Consumer confidence has taken a nose-dive in August as views on business continue to worsen along with the continued unemployment rate in the U.S., and stagnating incomes.
The Conference Board, a non profit agency, said its consumer confidence index fell to 44,4 % in August. This is the lowest level since April of 2009. It was the sixth largest one month decline in 21 years.“A contributing factor may have been the debt ceiling discussions since the decline in confidence was well underway before the S&P downgrade,” said Lynn Franco, director of the Conference Board’s consumer research center.
TD Securities, economic strategist, Millan Mulraine wrote in a recent research note that he expects consumer confidence to improve soon. “Given the recent improvement in financial markets, the sharp drop in energy prices in recent weeks and the improvement in borrowing rates, we expect a modest recovery in confidence in the coming month,” Mulraine wrote. “Nevertheless, given the crucial importance of consumer spending to the economy, if confidence remains at these levels it could spell trouble for the recovery as it could be a harbinger of further retrenchment in household — which will certainly be bad news for the recovery.”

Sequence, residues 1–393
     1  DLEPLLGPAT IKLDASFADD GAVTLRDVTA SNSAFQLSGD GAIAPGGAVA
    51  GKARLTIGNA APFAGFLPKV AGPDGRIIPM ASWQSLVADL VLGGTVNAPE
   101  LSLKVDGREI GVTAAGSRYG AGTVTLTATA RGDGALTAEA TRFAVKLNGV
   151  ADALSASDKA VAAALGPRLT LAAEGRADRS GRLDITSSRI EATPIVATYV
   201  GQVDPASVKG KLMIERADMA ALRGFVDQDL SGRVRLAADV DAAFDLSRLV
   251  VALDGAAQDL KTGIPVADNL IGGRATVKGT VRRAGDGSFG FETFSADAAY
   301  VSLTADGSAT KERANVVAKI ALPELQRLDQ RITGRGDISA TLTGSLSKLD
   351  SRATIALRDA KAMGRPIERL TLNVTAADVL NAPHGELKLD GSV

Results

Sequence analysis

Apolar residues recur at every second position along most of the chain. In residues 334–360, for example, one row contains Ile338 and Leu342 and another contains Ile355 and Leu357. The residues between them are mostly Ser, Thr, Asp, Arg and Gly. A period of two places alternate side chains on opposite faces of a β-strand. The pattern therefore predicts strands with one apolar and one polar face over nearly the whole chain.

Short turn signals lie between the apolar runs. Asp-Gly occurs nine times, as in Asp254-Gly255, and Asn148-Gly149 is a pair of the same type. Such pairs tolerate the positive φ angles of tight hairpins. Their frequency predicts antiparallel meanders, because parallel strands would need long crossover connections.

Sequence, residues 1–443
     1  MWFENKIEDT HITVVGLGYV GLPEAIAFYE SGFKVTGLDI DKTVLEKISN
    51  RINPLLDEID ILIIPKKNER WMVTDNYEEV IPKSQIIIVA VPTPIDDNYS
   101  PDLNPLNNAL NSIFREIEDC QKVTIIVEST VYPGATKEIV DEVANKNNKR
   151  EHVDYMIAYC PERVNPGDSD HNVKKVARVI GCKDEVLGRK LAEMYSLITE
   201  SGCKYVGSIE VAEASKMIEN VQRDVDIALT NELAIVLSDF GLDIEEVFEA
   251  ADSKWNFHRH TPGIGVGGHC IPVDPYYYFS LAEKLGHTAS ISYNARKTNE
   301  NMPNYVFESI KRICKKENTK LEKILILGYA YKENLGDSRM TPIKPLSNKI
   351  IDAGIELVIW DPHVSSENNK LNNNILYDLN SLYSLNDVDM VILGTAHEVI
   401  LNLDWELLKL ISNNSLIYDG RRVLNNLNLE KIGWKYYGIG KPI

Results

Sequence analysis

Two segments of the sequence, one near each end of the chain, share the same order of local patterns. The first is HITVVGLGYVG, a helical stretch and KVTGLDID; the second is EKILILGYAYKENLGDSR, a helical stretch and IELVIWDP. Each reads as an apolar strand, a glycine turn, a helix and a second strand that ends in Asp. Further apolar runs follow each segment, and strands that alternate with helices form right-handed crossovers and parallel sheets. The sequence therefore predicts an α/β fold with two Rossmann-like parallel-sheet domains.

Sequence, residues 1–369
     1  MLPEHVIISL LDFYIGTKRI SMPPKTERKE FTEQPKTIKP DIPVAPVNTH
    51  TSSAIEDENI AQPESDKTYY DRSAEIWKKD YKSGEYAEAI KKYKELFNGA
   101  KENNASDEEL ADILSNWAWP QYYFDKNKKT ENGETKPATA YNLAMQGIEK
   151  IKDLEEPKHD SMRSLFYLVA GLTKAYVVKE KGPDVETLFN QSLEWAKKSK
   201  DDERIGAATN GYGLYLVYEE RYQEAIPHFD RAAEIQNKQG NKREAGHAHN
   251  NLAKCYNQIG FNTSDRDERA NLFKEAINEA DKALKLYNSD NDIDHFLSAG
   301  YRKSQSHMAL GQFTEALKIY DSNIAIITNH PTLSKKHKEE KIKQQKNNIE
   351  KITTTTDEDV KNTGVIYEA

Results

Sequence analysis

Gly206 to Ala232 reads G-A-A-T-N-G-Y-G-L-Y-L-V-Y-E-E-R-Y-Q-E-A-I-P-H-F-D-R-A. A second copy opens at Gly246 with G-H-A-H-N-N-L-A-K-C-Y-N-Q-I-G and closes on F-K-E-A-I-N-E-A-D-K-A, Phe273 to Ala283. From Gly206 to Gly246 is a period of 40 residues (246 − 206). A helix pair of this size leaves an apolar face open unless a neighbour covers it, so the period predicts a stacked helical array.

While some sectors of the U.S. economy remain strong (manufacturing of autos and airplanes), the housing market continues to dog the economy. Some analysts are worried that this dive in consumer confidence could signal a trend of whats to come in the last quarter of this year.
The Federal Open Market Committee will release minutes of its August 9 meeting at 2 p.m. ET today. Investors will be seeking clues as to what the policy-setting panel’s economic outlook will be.